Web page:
The Southwestern Historical Quarterly, Volume 23, July 1919 - April, 1920 Page: 32
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The Southwestern Historical Quarterly
lowed as had not been since the days when Cochise and his war-
riors avenged the treachery of the troops in 1861.
The Ojo Caliente Apaches taken to San Carlos.-Unfortunate
though the attempt had been to get the Southern Apaches at
Cafiada Alamosa to settle at Tularosa, the authorities were nothing
loath to make another removal of them from their chosen place of
abode at Ojo Caliente. The excuse was not hard to find. Rene-
gades from the Chiricahuas had sought refuge with the Southern
Apaohes. With these Chiricahuas they had been associated in their
frequent raids. Therefore in May, 1875, the Ojo Caliente Indians
who had not fled at the suggestion of removal were taken to San
Carlos and their reserve was restored to the public domain.
The Jicarillas Apache transfers.-The fifth transfer attempted
was that of the Jicarillas to the Mescalero agency in southeastern
New Mexico. A reservation had been set apart for them in north-
western New Mexico but no attempt had been made to place them
on it. Then in 1878 came the order that "without delay" they
should be transferred to the Mescalero agency. 'Only thirty-two
actually made the move, for the rest refused to go to a place where
anarchy was rife. That there was more truth than fiction in the
charge against the Mescalero agency was apparent to those having
the removal in hand and they winked at the Jicarilla insubordina-
tion hoping that the following year might bring orders for some
different disposal of them. Southeastern New Mexico was become
the home of the desperado class of Mexicans and Americans and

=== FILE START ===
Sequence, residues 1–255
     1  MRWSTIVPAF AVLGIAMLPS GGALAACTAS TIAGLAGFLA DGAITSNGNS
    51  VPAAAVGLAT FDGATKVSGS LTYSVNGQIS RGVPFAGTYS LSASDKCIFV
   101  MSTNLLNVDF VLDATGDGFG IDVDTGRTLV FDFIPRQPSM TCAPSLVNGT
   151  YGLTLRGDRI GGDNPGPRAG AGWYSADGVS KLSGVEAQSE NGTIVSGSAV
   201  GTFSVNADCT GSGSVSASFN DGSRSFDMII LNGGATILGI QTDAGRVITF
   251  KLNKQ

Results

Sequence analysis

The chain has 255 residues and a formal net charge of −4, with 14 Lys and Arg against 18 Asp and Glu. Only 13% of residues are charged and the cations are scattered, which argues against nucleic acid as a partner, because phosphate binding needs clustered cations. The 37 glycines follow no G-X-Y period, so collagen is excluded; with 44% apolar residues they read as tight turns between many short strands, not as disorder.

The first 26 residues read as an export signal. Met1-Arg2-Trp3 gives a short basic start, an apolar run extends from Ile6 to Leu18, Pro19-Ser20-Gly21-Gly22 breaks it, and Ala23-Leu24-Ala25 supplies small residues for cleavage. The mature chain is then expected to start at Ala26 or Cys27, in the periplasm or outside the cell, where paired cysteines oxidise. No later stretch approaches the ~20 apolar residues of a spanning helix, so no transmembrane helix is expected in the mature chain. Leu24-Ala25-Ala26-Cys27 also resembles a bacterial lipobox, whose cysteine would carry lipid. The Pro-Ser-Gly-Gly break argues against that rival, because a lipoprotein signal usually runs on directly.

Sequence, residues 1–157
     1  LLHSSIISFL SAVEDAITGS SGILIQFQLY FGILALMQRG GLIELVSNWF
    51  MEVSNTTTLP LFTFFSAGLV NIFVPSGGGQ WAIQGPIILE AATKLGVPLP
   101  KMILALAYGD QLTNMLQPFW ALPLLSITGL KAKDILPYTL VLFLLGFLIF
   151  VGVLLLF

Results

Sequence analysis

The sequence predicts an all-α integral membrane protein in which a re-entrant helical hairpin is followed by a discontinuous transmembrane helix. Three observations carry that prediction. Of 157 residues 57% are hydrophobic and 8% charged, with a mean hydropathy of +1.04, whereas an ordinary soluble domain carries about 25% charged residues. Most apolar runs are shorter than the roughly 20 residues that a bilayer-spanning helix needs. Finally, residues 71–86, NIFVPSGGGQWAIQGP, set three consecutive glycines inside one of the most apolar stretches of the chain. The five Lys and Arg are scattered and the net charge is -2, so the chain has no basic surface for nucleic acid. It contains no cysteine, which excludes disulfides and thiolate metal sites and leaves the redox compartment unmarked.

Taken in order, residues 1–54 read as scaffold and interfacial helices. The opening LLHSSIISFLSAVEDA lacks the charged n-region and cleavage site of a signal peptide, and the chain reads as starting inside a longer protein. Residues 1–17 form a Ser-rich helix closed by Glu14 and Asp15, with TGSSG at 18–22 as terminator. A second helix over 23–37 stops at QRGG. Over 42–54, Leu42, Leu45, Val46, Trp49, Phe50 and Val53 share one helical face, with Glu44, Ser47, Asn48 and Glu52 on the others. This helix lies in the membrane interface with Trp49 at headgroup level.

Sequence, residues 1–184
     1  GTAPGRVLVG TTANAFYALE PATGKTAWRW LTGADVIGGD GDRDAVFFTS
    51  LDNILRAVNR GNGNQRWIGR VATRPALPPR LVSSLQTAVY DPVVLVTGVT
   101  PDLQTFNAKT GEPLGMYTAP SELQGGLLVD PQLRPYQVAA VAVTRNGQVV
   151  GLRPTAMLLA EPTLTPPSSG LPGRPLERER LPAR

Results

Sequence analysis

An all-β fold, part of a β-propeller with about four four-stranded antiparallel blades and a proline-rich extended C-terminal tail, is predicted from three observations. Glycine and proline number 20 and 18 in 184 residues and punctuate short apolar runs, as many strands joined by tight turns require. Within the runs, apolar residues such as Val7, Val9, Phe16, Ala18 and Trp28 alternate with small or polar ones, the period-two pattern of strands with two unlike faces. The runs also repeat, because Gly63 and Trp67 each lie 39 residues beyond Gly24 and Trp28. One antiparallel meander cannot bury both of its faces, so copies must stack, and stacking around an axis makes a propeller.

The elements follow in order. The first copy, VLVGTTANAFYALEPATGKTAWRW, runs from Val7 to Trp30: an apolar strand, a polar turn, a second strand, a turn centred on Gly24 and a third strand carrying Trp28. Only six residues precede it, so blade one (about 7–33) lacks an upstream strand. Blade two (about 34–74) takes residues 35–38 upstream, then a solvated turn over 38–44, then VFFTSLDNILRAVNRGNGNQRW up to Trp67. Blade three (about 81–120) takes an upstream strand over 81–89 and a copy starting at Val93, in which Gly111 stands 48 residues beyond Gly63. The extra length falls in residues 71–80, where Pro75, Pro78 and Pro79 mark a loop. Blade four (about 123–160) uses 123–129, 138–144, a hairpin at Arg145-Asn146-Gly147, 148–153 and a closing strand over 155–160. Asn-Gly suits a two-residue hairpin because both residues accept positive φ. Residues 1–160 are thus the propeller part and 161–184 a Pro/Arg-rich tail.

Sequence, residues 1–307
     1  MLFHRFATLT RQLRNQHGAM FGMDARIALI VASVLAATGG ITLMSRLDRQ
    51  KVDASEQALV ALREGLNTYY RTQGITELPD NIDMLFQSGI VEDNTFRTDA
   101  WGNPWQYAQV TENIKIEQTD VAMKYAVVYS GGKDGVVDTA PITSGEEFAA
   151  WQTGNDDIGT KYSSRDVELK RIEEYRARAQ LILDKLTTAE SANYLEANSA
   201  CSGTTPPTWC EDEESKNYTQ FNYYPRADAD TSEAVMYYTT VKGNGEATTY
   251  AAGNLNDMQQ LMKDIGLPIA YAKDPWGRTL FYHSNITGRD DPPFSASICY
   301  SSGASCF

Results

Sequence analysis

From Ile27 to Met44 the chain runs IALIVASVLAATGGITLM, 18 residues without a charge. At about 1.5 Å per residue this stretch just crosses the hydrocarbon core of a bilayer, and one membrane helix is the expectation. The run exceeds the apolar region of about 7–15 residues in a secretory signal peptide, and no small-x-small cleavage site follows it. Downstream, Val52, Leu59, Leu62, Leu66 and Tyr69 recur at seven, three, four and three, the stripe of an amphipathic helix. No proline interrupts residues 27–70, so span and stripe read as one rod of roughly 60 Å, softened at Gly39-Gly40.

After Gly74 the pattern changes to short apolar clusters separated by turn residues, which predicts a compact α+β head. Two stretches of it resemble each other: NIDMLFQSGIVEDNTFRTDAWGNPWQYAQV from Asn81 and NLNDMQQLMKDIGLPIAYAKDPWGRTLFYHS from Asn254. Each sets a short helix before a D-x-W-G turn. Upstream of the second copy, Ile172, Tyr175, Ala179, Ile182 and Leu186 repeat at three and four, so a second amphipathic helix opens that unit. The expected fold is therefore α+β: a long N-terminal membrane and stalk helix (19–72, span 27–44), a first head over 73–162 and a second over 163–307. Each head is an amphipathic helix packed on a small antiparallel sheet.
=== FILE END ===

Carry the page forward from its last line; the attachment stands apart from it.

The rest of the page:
organized bands of thieves made that their rendezvous, skillfully
laying on the Apache all blame for depredations committed and
property stolen. The Apache was evidently more sinned against
than sinning at this particular juncture for the promised protection
he found to be nothing of a protection and when he fled to the
mountains for safety he was pursued by the Military and punished
for his flight. No wonder the Jicarillas saw no gain in making
their home in such a place.
Three years later the Jicarillas were ordered to move to their
new reservation in northwest New Mexico and part of them did so.
There they remained until 1883 when they were again ordered
to the Mescalero agency. This time the transfer was effected
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Texas State Historical Association. The Southwestern Historical Quarterly, Volume 23, July 1919 - April, 1920, periodical, 1919; (texashistory.unt.edu/ark:/67531/metapth101075/m1/38/: accessed August 23, 2017), University of North Texas Libraries, The Portal to Texas History, texashistory.unt.edu; crediting Texas State Historical Association.